Chapter XI. Experiments

From the LW 150 blog: This is the second of two takes on the chapter, “Experiments.” This is a truly unique insight!

Little Women 150

By Mark Gallagher

Louisa May Alcott was deeply affected by the Fruitlands experiment. While she eventually wrote a satirical history of it, her first published commentary on her father’s failed utopia appears in Chapter 11 of Little Women, “Experiments,” where the March sisters indulge in the “all play, and no work” lifestyle that led to Fruitlands’ failure and the near ruin of Alcott’s family.

The chapter begins on June 1st, the same day Fruitlands was founded in 1843. Meg is relieved of her governess duties for the summer, while Jo is reprieved by a vacationing Aunt March. Deciding that lounging is the preferred course of inaction, all four sisters abandon their domestic duties for a week of personal freedom. Mrs. March consents, “You may try your experiment for a week, and see how you like it. I think by Saturday night you will find that all play, and no…

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Fruitlands and Brook Farm – a closer look

I have two articles I'd like to share with you regarding utopian communities involving the Alcotts. The first is a list, compiled by Alcott scholar Joel Myerson, of the archives at the Fruitlands Museum. You will see that there are several unpublished papers from Abba and Anna along with a list of books the museum …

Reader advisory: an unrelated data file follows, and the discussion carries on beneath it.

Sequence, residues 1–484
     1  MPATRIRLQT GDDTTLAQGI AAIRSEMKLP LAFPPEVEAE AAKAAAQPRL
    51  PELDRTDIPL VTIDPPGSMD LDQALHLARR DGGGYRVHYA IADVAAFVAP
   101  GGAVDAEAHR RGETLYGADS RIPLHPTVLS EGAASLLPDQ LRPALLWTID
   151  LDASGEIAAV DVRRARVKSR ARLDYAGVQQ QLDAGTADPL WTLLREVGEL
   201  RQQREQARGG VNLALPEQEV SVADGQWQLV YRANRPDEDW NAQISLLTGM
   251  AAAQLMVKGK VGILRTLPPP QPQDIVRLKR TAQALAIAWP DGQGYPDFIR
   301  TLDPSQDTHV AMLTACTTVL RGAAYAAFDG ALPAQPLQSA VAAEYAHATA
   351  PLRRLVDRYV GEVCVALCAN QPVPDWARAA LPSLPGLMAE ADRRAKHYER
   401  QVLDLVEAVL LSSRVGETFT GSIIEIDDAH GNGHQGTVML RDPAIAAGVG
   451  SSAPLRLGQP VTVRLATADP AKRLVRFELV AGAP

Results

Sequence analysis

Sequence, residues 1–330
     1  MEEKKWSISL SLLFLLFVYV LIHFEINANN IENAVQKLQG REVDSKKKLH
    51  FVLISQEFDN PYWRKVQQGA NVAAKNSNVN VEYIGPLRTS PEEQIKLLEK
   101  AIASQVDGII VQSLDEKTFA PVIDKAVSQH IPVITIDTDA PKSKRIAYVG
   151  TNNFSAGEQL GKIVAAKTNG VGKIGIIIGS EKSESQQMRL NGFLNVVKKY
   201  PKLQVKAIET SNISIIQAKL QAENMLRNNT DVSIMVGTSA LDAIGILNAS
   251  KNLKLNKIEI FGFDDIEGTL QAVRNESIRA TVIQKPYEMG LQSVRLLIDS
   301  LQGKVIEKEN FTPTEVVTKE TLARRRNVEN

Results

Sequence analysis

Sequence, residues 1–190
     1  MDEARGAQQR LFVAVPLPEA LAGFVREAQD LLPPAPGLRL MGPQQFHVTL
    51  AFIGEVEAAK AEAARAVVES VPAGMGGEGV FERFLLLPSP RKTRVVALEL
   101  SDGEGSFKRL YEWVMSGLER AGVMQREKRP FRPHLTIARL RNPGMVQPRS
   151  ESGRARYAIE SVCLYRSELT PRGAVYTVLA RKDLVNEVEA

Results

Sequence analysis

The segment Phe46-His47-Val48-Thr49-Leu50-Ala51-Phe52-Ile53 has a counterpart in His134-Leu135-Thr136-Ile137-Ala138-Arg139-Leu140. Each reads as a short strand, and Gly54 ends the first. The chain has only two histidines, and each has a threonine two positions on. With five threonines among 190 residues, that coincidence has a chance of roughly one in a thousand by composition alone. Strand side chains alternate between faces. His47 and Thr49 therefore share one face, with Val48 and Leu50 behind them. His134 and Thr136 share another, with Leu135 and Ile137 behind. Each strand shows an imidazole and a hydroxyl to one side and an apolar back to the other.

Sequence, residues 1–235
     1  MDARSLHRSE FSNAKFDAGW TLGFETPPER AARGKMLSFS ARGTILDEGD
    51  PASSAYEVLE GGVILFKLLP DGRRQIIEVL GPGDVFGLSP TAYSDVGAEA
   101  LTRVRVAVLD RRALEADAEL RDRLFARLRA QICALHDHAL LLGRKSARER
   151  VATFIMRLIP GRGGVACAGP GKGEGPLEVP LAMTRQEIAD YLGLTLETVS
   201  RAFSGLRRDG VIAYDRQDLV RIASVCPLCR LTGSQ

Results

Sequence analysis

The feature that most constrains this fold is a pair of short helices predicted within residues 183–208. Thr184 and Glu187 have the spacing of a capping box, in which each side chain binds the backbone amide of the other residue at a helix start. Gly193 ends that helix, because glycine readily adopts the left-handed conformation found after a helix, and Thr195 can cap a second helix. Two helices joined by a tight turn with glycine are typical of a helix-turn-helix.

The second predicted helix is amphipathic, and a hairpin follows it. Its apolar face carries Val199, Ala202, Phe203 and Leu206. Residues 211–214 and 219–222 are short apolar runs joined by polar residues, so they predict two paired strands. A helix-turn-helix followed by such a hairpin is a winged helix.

Sibling rivalry – did “Little Women” spur May on to success?

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A blunt, controversial psychological study of Miss Alcott — Katharine Anthony’s 1937 biography

The 1930s was an interesting time in Alcott scholarship. The year 1932 marked the one hundredth year of Louisa’s birth. 1938 not only marked the 50th anniversary of Louisa and Bronson’s death but also the 70th anniversary of the publication of Little Women. Thus in 1937, two important biographies were released – Odell Shepherd’s Pedlar’s …

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For Moms and their ‘Little Women’

In honor of Mother's Day, I am delighted to present this guest post by Barbara Solomon Josselsohn,  reprinted with permission from NYMetroParents. A two-day trip to Concord, Massachusetts and the home of Louisa May Alcott, author of Little Women, is a great way to commemorate Mother’s Day—or any other time set aside just for the …